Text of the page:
It’s summer, it’s bright, sunny and getting unreasonably hot, the students are off on vacation or internships, and Kate Spade and Anthony Bourdain passed away recently. After a few weeks of traveling, I’ve been spending the last few days reading about Anthony Bourdain, Buddhism and meditation (not necessarily in that order). Along those lines:
Around the Web
An interview with Bourdain from several years ago. It’s a good summary and glimpse into his life, work and views on cooking, food and living. If you don’t know much about Bourdain, or haven’t seen his shows, this is a good place to start.
Fun fact: I occasionally get a junk food craving, and on road trips I give myself a pass to eat whatever probably-unhealthy-probably-carcinogenic food I might stumble upon. On one of these recent road trips I learned that my mother apparently likes unglazed donuts from Dunkin Donuts. Go figure. Anyways, Bourdain appreciating a Waffle House should come as no surprise, but also makes me realize that appreciating both foie gras and Waffle House maybe takes a certain kind of person, or at least a certain spirit and openness, that hopefully can be cultivated.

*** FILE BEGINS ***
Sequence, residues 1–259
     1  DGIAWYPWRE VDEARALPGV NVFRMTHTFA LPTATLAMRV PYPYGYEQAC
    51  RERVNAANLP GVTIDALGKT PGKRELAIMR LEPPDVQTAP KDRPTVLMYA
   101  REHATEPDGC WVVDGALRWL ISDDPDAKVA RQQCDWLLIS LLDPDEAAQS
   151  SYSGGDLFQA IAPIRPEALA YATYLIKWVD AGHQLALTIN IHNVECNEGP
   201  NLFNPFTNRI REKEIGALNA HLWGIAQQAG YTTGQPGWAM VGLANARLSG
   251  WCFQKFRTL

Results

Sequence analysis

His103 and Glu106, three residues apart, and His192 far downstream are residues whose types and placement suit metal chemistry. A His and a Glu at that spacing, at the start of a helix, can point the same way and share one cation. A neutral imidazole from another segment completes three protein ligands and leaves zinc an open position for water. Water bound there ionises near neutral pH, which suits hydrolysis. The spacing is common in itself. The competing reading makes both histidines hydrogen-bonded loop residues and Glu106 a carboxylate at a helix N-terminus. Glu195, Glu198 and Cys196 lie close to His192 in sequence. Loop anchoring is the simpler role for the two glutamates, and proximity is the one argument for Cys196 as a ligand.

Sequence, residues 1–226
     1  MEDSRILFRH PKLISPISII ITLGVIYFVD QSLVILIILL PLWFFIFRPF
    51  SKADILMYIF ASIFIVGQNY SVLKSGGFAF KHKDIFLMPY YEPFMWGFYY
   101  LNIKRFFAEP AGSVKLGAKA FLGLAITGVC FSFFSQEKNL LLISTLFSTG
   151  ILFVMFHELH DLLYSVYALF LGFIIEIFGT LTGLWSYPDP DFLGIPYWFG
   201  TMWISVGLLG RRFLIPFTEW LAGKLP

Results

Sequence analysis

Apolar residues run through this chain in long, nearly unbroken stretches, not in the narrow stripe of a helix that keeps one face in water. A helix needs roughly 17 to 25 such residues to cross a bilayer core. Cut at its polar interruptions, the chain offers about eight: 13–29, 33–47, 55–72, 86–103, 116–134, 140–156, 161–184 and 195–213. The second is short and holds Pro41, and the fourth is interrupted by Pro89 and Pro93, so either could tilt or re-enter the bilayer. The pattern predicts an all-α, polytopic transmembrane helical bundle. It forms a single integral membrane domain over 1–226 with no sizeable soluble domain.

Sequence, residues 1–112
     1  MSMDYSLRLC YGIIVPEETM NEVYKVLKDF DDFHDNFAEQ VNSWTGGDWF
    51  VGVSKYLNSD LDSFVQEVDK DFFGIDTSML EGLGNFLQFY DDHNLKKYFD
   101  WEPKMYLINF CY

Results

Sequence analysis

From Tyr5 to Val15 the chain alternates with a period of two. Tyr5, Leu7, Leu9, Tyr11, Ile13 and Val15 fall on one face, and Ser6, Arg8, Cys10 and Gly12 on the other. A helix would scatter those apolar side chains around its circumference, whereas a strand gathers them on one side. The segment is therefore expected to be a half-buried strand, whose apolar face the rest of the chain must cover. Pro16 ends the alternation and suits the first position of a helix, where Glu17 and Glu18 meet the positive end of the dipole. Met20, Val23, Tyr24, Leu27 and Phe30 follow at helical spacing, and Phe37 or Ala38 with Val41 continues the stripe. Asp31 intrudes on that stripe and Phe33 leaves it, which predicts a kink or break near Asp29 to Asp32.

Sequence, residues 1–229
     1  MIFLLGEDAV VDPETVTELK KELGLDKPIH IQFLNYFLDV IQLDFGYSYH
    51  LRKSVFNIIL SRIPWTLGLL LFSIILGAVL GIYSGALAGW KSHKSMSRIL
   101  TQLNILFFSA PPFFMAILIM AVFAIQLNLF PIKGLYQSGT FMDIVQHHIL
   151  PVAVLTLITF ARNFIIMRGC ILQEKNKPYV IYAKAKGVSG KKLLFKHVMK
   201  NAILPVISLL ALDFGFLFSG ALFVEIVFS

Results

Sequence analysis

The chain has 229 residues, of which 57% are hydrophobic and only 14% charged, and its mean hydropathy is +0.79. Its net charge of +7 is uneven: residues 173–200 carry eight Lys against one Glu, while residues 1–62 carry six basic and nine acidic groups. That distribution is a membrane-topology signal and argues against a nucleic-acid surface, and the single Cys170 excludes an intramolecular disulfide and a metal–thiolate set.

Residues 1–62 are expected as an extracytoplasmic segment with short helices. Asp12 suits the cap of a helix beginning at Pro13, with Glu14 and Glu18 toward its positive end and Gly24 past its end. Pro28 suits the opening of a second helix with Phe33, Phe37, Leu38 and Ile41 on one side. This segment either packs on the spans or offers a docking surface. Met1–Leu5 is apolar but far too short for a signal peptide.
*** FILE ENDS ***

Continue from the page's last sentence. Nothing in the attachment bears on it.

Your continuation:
Why indeed. Maybe it will make you 10% Happier. Personally I’m coming around to the idea that meditation is essential for mental health in the same way that cardio and weightlifting is essential for physical health.
It was bound to happen eventually, but still…
From the Bookshelf
I’m only about half way through this, but it’s one of the better examples of explaining why Buddhist practices, specifically meditation, “work”. To my pleasant surprise, it also does a good job of explaining certain tricky Buddhist concepts in clear terms (better than a lot of articles I’ve read written about Buddhism by Buddhists). It’s a long read, but definitely worth it.